Wednesday, February 10, 2010

Watching the Clox

This is actually Day Three of my cloxacillin odyssey. I am quietly amused every time I try a new drug, attempt to predict its effects on my body, which has an alarming genetic payload of internal problems, and get it right. It helps that I've always been interested in chemistry, and pharmacology in particular, from a very young age.

When I was in primary school, my grandfather used to (well, this is what they'd call it nowadays) 'dispense pharmaceuticals' from a little dispensary called the United Pharmacy along North Bridge Road. I used to walk there after school, little boy with a hefty schoolbag, and deposit myself behind the counter. I'd generally get underfoot, attempt to avoid dangerous collisions, and try to figure out what was in those odd porcelain and glass jars lined up in impressive ornate rows on every wall.

Grandfather always was one for education, so he'd let me explore the dusty, plant-colonised areas of the rooms upstairs, read anything I found, examine the long-dead X-ray machine in the side room, and in general learn stuff I couldn't have learnt anywhere else. His Hainanese factotum, Ah Siew, looked every inch the sage as he interpreted, carried out various odd tasks, and conveyed instructions.

But the drugs were the important part of my life. My grandaunts used to produce them, grinding out odd powders and pressing tablets, mixing up strange-looking potions from arcane ingredients, making up whatever was directed from the airy chamber from whence Grandfather handed down instructions in a language that seemed wholly unnatural.

It was this that led me to explore the interactions between organic materials — this, following Grandfather on his daily rounds, and wandering around the open-air wards at the hospital which was Eldest Uncle's domain. Yet, it was never the practice of medicine, but the art of making medicines, that intrigued me most.

And so now, decades later, I look at my drugs, figure out their molecular structures, predict their effects, and am childishly happy when I am right. Cloxacillin, with its big fat chlorophenyl-oxazole defensive sidechain, is a penicillin designed to defeat naughty bacteria which would normally be able to destroy penicillins. But that very defence is what makes it mild and slow, like a warrior armed with a shield that is too large. Nevertheless, it is helping to deny the enemy its footing in my upper right arm, while not seriously messing with my guts.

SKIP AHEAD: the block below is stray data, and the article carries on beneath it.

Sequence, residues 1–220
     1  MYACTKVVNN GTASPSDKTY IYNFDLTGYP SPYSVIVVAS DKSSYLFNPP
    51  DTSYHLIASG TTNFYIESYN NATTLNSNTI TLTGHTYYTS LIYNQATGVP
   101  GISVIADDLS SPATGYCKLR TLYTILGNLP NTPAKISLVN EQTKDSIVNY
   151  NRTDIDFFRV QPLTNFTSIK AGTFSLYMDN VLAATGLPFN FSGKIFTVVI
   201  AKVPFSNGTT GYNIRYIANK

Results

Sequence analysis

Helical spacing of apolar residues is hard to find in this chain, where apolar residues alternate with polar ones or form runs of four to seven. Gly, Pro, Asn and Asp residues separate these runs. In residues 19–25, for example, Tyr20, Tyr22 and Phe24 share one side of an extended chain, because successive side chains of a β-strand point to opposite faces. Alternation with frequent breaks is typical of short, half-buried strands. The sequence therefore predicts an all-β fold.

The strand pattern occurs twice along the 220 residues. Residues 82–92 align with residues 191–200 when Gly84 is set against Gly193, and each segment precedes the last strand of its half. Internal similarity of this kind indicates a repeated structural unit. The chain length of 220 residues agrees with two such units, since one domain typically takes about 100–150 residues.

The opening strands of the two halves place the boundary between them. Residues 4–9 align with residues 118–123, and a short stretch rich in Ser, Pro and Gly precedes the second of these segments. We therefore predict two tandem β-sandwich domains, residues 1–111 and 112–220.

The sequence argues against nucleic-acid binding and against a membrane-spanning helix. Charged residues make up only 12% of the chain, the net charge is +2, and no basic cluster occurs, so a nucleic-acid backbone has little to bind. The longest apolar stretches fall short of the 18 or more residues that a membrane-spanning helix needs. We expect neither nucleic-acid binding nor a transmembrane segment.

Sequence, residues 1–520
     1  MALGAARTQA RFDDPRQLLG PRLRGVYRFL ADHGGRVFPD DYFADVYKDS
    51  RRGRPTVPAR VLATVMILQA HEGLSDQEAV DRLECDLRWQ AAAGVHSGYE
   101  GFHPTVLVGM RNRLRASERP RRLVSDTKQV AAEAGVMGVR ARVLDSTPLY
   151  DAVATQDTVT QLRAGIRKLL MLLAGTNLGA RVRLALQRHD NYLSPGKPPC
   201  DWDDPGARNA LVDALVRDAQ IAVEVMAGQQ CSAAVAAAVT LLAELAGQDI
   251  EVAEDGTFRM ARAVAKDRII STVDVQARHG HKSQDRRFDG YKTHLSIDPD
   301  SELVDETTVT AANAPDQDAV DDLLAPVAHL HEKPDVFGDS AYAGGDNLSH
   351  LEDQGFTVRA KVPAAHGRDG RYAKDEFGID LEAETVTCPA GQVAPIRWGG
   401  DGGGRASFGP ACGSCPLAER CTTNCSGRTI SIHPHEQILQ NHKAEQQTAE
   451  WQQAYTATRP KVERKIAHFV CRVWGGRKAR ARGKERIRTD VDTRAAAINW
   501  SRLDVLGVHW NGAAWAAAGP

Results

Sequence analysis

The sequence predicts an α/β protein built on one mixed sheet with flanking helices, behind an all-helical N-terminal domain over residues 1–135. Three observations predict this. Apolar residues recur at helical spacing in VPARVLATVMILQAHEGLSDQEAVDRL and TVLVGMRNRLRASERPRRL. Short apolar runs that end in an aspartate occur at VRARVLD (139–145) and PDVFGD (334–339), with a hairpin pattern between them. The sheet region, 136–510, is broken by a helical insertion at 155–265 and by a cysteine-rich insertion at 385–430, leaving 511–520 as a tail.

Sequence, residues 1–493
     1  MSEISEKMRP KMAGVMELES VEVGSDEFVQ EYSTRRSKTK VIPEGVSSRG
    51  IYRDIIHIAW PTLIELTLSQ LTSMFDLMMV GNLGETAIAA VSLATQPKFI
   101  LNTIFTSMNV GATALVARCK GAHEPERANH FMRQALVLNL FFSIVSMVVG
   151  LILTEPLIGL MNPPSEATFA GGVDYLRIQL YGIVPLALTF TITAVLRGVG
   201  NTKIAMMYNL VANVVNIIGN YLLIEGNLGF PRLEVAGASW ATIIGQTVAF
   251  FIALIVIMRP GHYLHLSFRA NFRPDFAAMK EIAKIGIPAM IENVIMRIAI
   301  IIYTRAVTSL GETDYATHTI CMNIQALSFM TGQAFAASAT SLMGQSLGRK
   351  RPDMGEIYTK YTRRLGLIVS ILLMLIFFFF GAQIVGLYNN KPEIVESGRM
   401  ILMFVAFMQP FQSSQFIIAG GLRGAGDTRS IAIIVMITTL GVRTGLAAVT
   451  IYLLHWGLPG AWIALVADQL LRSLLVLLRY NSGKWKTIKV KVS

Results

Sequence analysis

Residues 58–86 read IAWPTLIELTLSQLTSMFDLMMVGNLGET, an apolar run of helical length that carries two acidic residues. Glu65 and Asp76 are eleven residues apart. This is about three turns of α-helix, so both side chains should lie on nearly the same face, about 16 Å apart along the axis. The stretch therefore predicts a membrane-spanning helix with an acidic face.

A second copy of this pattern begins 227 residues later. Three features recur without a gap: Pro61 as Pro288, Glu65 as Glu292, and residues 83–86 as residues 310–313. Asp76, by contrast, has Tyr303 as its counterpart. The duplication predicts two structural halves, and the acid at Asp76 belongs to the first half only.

Why is it so important for me to know all that? It's because when you feel not quite yourself (as some people do after losing their gustatory virginity to caffeine), it helps to have expectations of future sensation and the ability to explain what's happening to yourself. Knowledge is not only power, but sometimes a tower of strength in times of uncertainty.

That's why teachers should always go through examination rubrics (the administrative basis) and curriculum underpinnings (the academic basis) before getting too far into the intricacies of the course they are teaching. If students don't know where you're going, they might not follow you all the way. Best then to provide a map of some sort, so they can catch up if lost, or find their own way around.

Labels: , , ,


Blogger BenSohBS said...

Heh why not Flucloxacillin? It's better tolerated in general and has a better overall drug profile =) (or at least from what I vaguely remember learning last november)

Wednesday, February 10, 2010 9:19:00 pm  
Blogger Trebuchet said...

*grin* It's easier (i.e. cheaper) to make clox than floxapen, and the two are nearly interchangeable. Generally the metabolic rule is that Cl- is bad for liver and F- is bad for kidney. Best stick to one and not both, I suppose.

But I suspect the #1 reason is akin to the reason why we serve up chlorpheniramine in Atlantean hospitals rather than some more potent less sleep-inducing antihistamine.

Thursday, February 11, 2010 1:40:00 am  

Post a Comment

<< Home